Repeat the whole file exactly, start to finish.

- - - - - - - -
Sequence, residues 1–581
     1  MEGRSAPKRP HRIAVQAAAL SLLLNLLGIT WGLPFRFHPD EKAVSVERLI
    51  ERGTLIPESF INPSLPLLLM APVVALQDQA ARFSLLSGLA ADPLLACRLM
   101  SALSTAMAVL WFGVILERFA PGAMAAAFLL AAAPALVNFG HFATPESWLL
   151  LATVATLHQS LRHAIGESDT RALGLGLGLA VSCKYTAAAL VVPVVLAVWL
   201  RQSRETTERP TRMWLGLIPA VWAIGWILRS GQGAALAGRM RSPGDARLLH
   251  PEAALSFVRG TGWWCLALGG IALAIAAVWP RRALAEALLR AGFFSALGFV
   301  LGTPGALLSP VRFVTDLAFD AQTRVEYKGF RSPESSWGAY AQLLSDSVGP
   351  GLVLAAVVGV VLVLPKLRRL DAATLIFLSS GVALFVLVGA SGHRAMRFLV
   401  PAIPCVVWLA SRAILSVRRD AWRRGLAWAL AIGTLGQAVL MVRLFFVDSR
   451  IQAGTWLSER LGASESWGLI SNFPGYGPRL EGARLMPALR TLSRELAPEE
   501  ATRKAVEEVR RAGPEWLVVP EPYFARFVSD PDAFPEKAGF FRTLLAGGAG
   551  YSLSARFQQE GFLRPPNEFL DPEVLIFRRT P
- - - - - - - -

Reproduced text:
Sequence, residues 1–581
     1  MEGRSAPKRP HRIAVQAAAL SLLLNLLGIT WGLPFRFHPD EKAVSVERLI
    51  ERGTLIPESF INPSLPLLLM APVVALQDQA ARFSLLSGLA ADPLLACRLM
   101  SALSTAMAVL WFGVILERFA PGAMAAAFLL AAAPALVNFG HFATPESWLL
   151  LATVATLHQS LRHAIGESDT RALGLGLGLA VSCKYTAAAL VVPVVLAVWL
   201  RQSRETTERP TRMWLGLIPA VWAIGWILRS GQGAALAGRM RSPGDARLLH
   251  PEAALSFVRG TGWWCLALGG IALAIAAVWP RRALAEALLR AGFFSALGFV
   301  LGTPGALLSP VRFVTDLAFD AQTRVEYKGF RSPESSWGAY AQLLSDSVGP
   351  GLVLAAVVGV VLVLPKLRRL DAATLIFLSS GVALFVLVGA SGHRAMRFLV
   401  PAIPCVVWLA SRAILSVRRD AWRRGLAWAL AIGTLGQAVL MVRLFFVDSR
   451  IQAGTWLSER LGASESWGLI SNFPGYGPRL EGARLMPALR TLSRELAPEE
   501  ATRKAVEEVR RAGPEWLVVP EPYFARFVSD PDAFPEKAGF FRTLLAGGAG
   551  YSLSARFQQE GFLRPPNEFL DPEVLIFRRT P